Health sector marks bladder cancer awareness month
August 01 2018 09:59 PM
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In recognition of Bladder Cancer National Awareness Month, Qatar’s public healthcare providers and Qatar Cancer Society are working together to raise awareness of bladder cancer through public engagement and media activities.
July is observed as bladder cancer awareness month.
The aim of the collaboration is to highlight the signs and symptoms of the disease to increase public understanding of the importance of early detection, as well as maintaining a healthy lifestyle to reduce the risk of this disease.
Bladder cancer occurs when abnormal cells within the bladder grow in an uncontrolled way. It forms in the layers of the bladder wall and is described and treated based on how far it has moved into the wall of the bladder. 
Qatar National Cancer Registry statistics for 2015, showed 21 newly diagnosed cases, 24% of which were Qataris. More than 75% of the cases with reported stage were at early stage (I &II). The peak age of incidence was in the age group of 50-59 years, and 86% of the overall cases were among males.
Sheikh Dr Mohamed bin Hamad al-Thani, director of Public Health at the Ministry of Public Health, has encouraged people to reduce their risk of bladder cancer by making healthy choices every day. Although genetics, ageing and few unchangeable risk factors cannot be controlled by making meaningful lifestyle changes, the odds for preventing cancer can be increased through healthy lifestyle measures, such as regular exercise, controlling weight, eating a healthy diet and not smoking.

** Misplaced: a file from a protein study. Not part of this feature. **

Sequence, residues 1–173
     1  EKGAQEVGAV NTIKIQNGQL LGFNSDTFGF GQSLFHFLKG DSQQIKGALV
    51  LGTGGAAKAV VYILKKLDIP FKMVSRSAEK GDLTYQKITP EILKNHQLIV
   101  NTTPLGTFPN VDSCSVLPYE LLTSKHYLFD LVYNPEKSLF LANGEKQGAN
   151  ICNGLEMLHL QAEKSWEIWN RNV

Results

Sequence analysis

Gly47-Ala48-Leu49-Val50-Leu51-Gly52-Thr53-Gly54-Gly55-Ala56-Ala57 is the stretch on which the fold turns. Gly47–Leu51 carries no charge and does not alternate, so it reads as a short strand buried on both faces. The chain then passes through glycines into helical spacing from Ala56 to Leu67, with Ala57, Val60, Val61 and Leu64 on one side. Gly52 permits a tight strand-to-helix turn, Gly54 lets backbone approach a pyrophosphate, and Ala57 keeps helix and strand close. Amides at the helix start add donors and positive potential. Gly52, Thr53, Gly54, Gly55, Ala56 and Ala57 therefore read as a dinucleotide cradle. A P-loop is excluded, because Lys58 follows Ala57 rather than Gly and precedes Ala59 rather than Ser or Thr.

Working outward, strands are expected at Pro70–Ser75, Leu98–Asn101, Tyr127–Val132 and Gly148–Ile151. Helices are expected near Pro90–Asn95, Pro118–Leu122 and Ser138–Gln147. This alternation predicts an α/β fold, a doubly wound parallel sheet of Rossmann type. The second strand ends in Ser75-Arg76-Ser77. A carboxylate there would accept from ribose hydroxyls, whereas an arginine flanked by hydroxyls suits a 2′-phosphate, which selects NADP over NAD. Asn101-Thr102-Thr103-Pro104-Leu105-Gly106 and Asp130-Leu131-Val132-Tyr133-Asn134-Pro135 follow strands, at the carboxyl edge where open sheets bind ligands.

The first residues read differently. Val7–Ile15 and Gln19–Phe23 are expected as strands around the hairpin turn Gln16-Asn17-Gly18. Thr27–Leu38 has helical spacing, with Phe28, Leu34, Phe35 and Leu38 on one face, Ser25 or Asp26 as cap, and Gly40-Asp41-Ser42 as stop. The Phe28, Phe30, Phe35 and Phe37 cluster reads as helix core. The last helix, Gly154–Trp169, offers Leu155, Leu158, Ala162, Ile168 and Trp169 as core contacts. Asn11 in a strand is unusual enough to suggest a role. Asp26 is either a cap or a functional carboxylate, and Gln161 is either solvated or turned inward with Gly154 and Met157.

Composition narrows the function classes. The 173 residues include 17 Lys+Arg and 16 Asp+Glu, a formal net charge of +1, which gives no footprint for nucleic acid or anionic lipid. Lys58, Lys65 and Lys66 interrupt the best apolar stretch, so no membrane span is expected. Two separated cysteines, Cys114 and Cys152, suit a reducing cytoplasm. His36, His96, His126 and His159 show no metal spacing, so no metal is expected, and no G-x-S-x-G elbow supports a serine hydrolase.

“In line with Qatar National Vision 2030, Qatar’s public health care providers in conjunction with their partners are dedicated to educating people about cancer, providing comfort to those dealing with and recovering from the disease and working jointly to help eradicate all types of cancer including bladder cancer,” said Sheikh Dr Mohamed. 
Dr Usama al-Homsi, senior consultant with the Oncology Department at National Center for Cancer Care and Research, said: “Detecting bladder cancer can be quite simple. The key is to not ignore the symptoms, the most common of which is blood in the urine, even if there are no other symptoms. Symptoms may include: trouble urinating, pain when urinating and the need to urinate more often than usual.
Dr al-Homsi went on to highlight the high five-year survival rate for bladder cancer if detected at an early stage. Tests include urinalysis, urine cytology and urine tests which can diagnose bladder cancer early, increasing the likelihood of successful treatment and recovery.

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